It has been 18 months since the Special Olympics movement first heard the name Amelia Rivera – the brave 3-year-old girl and her amazing family denied a kidney transplant because of her intellectual disability. In her blog post “Brick Walls” published in January 2012, Amelia’s mother, Chrissy, recounts that agonizing encounter with a doctor and social worker when she was told that she should let her child die, despite having family members who were willing donors.
“The doctor begins to talk…and places two sheets of paper on the table. I can’t take my eyes off the paper,” she wrote. “Paper number one has the words, ‘Mentally Retarded’ in cotton candy pink.”
Chrissy was naturally outraged beyond words. The verdict seemed clear enough: Amelia was going to lose her life and lose it soon. No transplant; no life. But Chrissy and her husband Joe weren’t defeated; they were instead determined—determined to prove anyone who doubted their daughter’s value wrong. Dead wrong.
Amelia’s story made all of us incensed. At the time, I shared her story with the Special Olympics movement with the hopes that it would inspire action: “There can be no bystanders at moments like this,” I implored. “Amelia is everyone’s child. If she is denied care, we are all denied our humanity.”
The brick wall that the Riveras faced was, alas, all too familiar to the athletes and families of Special Olympics. The Riveras’ experience was one among millions faced by people with intellectual disabilities and their families every day—albeit an extreme one. Whether it is in the institutions of health care, the halls of education, the meeting rooms of government, the fields of sport, or the whole range of social environments, people with intellectual disabilities are routinely stopped short by the walls of intolerance and ignorance. The Riveras understood the stakes. And they were not going to let those walls cost Amelia her life.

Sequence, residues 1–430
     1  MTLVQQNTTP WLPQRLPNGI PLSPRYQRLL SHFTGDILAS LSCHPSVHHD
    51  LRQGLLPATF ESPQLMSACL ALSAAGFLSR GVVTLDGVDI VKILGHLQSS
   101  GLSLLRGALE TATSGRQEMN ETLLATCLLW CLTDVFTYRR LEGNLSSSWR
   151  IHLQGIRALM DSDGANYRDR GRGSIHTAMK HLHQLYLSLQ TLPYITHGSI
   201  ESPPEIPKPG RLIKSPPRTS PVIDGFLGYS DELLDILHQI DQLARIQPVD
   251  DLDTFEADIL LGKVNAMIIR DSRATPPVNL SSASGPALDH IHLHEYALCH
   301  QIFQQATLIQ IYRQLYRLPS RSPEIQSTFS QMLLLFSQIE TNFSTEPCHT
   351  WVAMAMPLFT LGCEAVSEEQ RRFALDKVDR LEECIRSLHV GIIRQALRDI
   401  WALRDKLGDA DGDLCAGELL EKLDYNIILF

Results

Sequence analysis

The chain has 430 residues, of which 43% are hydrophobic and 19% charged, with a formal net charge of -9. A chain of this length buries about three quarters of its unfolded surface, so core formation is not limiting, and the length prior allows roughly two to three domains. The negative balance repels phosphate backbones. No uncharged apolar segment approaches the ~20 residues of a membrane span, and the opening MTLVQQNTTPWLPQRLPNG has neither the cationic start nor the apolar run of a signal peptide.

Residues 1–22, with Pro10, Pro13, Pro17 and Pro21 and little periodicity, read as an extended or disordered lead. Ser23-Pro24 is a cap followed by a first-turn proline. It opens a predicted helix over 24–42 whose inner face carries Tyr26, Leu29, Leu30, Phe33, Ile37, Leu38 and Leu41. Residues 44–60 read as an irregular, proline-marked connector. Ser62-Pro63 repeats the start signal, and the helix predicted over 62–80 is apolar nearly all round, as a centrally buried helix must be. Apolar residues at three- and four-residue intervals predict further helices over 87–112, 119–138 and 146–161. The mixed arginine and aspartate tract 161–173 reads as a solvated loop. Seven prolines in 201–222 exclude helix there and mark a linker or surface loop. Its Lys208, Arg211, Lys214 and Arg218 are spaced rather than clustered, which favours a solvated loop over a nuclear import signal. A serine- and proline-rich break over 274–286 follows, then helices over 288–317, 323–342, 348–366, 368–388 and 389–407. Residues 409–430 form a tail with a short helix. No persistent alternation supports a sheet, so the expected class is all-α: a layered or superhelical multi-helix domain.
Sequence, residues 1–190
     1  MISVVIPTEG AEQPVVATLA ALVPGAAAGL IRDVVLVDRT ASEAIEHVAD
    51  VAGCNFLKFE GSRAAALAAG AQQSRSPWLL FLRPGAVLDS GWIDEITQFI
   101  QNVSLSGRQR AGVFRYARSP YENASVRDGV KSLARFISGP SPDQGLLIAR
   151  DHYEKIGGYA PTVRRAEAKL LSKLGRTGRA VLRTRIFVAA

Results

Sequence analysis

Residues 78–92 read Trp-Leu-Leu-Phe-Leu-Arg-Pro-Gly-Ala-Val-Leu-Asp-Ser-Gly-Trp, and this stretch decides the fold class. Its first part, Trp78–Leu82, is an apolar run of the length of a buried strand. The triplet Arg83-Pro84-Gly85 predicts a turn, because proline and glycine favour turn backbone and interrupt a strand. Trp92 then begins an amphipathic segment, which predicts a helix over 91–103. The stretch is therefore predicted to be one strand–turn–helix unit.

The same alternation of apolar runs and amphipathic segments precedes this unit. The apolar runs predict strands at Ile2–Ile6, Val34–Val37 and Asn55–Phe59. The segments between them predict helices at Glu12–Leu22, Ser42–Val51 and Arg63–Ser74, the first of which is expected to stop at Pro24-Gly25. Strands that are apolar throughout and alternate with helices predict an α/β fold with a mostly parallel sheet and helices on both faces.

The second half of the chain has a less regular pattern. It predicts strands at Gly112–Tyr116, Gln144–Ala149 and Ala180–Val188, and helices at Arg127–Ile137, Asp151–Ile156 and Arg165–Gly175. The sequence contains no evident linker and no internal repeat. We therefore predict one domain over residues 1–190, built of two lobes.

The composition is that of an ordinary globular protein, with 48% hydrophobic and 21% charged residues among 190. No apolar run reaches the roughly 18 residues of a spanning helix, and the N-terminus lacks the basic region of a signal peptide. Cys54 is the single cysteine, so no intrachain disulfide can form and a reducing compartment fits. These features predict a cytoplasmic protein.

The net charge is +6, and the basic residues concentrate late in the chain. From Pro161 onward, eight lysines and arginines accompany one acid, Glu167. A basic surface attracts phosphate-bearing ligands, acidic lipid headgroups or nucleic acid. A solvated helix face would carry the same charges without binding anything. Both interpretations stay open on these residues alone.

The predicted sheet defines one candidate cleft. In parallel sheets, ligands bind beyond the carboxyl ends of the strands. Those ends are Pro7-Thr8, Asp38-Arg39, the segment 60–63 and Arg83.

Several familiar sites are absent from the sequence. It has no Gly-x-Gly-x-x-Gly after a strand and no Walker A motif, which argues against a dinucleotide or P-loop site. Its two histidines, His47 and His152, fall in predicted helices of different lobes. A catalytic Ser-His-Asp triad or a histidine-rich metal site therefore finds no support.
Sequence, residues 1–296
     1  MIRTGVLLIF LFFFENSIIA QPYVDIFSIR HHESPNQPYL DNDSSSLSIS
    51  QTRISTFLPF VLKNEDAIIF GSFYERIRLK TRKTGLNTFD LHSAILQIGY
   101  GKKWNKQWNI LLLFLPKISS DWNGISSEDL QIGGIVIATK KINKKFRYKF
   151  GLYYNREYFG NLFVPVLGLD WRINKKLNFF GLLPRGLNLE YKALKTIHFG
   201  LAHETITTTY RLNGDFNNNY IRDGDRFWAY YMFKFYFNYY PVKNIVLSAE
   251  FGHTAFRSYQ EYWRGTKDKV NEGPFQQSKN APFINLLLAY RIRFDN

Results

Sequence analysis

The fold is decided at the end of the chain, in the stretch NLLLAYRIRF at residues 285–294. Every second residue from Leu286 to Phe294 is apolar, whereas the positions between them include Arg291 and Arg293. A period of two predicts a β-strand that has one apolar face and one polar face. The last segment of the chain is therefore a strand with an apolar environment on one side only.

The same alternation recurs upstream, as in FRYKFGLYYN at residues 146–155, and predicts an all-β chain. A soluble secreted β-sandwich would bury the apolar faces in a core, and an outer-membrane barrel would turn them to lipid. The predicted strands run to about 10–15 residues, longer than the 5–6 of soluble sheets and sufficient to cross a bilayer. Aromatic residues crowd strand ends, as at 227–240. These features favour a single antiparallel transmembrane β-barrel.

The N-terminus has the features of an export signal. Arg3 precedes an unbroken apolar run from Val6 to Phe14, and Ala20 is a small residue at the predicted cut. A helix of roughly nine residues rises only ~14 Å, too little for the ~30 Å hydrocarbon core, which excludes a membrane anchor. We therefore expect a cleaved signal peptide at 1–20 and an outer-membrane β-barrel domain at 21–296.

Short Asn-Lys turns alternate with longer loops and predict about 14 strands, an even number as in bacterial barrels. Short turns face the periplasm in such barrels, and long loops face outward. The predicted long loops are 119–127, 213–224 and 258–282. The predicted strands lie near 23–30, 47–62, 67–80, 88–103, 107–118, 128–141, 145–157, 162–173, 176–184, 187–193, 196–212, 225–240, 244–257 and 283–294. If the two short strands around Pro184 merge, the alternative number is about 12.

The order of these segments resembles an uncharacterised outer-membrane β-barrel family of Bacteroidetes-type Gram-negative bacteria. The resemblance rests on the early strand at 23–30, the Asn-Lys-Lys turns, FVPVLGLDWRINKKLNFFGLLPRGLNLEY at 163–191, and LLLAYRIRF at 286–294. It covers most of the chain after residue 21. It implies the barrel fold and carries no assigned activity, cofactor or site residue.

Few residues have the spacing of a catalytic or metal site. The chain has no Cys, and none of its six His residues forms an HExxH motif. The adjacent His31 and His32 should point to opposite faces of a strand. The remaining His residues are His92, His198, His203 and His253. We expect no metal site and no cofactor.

Happily, we live in an empowered time when citizens and people of goodwill can actually challenge the way things are and not accept the status quo as if it were fruitless to oppose. There used to be an expression: “You can’t fight city hall.” Not anymore.
We in Special Olympics aspire to unity and think of our work as being engaged in a dignity revolution. We wage this revolution not by fighting but by awakening; not with weapons but with games; not with arguments but with relationships. I am continually amazed by the leaders around the world who lead this revolution, and never have I been more amazed than I was by following Chrissy and Joe and Amelia in their campaign for life. They not only challenged all of us to join them and work harder for justice but they did so with compassion by reminding us of the fragility and unconditional value and sacred importance of each child—and of all of us.
Chrissy, Joe and Amelia won. (Read Chrissy’s most recent blog.) The mighty brick walls have come down. Chrissy gave Amelia one of her kidneys. Joe supported them both together with a band of family and friends. The doctors and medical professionals at the Children’s Hospital of Philadelphia performed their near miraculous operation. Amelia is home and hopeful. The adventure of life can now continue with all the energy of childhood and good cheer and love.
Together, they didn’t just fight “city hall.” They leveled it. And by doing so, they leveled the world, even if just for a moment. And with the walls down, it’s as though all of our views can expand, our horizons grow more beautiful, the unity of us all become more visible. The hope of justice is just a little closer today and its symbol is Amelia Rivera.
Thanks, Amelia. We can’t wait for you to feel strong enough to come out into the world so we can cheer you as the newest leader of the dignity revolution!